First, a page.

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Their world is also populated by anachronisms, such as CRT televisions that show black-and-white movies, electric typewriters, huge old-fashioned cars and clothing more suited to the 1970s than the present day. At the same time, Jay’s friend, Yara, reads extracts from Dostoyevsky’s The Idiot from a tiny clamshell e-reader. The timeless feeling is underlined by a spare synthesiser soundtrack that would be perfectly at home in any number of early eighties horror films.

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At the start of the film, Jay is in the tentative stages of a relationship with Hugh, a charismatic but nervous young man who seems prone to seeing people who aren’t there. After a couple of dates, the two have sex, and in lieu of a post-coital cuddle, Hugh chloroforms Jay and ties her to an office chair in an abandoned building. This, he explains to a frightened and sceptical Jay, is to show her proof of the madness that he needs to make real to her. Hugh has just passed on a sexually transmitted curse to Jay: she will now be stalked by a human figure that only the cursed can see, and which may appear as anyone. It will continue to do so until Jay has sex with someone else, passing the curse on as Hugh did. If the stalker kills that person before they in turn have passed it on, the curse reverts to Jay, and so on, in a pyramid scheme built on sex and death.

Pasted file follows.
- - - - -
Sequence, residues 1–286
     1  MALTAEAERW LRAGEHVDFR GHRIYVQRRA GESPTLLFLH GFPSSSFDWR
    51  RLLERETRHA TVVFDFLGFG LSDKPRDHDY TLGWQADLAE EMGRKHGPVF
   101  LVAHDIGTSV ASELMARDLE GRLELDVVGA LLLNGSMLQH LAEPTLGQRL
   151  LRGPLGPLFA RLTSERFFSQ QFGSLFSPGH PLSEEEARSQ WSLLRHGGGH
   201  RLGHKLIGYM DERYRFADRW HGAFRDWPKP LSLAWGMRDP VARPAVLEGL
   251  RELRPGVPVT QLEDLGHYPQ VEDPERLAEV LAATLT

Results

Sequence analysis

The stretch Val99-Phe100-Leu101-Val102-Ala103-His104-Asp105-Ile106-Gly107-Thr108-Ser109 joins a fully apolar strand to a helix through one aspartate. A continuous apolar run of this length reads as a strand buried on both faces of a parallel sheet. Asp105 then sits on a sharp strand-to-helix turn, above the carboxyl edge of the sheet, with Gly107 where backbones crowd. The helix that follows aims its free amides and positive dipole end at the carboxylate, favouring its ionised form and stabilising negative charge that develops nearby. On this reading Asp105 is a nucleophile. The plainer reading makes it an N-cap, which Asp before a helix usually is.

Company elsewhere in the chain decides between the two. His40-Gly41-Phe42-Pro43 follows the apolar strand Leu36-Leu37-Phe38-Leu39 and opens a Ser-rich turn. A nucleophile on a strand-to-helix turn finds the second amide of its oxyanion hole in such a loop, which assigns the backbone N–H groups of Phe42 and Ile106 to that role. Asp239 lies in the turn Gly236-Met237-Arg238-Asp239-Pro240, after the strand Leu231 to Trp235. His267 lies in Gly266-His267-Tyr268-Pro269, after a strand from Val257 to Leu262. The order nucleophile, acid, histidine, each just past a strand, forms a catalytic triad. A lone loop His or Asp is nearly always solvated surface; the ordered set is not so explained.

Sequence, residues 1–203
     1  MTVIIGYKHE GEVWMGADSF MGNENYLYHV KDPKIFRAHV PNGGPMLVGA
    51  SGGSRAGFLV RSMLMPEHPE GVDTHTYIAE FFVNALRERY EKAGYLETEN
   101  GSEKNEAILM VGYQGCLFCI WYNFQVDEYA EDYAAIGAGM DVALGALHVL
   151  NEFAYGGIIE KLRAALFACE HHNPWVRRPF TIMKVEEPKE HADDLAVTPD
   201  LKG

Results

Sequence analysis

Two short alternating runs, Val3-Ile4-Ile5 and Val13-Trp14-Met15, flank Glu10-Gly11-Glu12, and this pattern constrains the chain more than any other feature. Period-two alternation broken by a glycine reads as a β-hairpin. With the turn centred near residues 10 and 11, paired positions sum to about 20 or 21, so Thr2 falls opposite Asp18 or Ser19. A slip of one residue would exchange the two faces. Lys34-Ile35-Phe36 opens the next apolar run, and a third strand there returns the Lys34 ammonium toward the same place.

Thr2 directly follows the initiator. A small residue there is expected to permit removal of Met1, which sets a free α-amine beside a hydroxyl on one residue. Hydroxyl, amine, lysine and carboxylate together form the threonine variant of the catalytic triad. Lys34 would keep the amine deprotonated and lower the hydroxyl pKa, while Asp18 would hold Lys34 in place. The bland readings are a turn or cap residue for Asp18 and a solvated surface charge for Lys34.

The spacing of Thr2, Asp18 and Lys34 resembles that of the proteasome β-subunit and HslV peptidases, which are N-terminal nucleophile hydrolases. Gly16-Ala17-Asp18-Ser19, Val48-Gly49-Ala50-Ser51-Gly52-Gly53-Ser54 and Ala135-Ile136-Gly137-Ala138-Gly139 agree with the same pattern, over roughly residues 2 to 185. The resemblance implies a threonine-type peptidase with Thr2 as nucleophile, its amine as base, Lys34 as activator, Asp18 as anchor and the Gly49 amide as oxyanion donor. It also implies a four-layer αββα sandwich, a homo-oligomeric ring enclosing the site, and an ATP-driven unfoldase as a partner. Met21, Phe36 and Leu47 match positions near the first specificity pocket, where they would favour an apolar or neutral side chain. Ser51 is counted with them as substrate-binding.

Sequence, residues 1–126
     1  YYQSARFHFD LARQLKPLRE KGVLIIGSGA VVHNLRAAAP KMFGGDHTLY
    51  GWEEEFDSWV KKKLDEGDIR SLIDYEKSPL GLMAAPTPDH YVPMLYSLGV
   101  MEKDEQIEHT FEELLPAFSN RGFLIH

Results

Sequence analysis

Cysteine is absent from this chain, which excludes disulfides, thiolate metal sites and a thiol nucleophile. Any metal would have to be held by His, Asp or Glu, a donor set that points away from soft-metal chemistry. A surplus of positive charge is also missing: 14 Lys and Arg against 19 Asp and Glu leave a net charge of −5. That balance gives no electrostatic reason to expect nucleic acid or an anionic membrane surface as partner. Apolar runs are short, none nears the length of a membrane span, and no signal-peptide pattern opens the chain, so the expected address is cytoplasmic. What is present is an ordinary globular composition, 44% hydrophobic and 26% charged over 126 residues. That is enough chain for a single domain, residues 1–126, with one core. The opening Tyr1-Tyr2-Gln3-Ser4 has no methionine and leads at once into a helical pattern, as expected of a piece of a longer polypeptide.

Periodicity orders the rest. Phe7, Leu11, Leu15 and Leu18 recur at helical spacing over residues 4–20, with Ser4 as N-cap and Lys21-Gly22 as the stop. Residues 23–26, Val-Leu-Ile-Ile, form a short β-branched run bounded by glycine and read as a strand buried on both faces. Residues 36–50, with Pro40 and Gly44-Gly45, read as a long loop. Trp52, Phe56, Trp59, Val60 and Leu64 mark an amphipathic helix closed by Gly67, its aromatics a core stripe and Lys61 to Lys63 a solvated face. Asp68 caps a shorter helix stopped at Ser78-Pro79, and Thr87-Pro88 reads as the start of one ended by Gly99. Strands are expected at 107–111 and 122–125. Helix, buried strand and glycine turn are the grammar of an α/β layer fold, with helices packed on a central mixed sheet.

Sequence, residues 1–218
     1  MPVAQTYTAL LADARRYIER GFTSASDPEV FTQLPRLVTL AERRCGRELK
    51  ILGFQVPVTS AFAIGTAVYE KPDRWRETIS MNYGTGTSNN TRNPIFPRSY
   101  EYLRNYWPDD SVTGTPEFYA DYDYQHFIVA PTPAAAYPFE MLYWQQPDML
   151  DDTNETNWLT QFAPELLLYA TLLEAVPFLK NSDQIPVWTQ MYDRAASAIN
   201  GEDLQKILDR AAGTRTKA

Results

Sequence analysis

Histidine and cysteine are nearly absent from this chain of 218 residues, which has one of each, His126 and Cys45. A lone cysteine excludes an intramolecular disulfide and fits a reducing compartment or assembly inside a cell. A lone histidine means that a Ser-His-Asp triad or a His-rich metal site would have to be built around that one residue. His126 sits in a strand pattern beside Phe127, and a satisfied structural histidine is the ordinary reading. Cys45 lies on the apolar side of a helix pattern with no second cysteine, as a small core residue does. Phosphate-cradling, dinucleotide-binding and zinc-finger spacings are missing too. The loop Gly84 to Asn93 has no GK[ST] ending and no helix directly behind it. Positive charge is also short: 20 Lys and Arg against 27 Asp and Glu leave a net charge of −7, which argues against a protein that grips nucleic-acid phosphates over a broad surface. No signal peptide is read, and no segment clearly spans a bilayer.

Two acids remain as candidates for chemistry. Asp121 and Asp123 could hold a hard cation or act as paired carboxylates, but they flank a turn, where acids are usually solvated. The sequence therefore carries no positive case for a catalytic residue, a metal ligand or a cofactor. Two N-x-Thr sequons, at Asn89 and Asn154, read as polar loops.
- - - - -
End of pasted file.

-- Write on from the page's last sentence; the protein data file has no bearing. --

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This last aspect explains Hugh’s actions. By training Jay to identify and avoid the creature, he is helping to maintain his new buffer. As the story demonstrates later, passing the curse on to someone who fails to protect themselves only provides a brief respite. One of the many unusual aspects of It Follows is that the rules it sets turn the more standard morality of teen horror on its head: once you’re targeted, promiscuity suddenly becomes a survival strategy rather than an invitation to destruction. The film doesn’t verbalise this, but it is clearly demonstrated.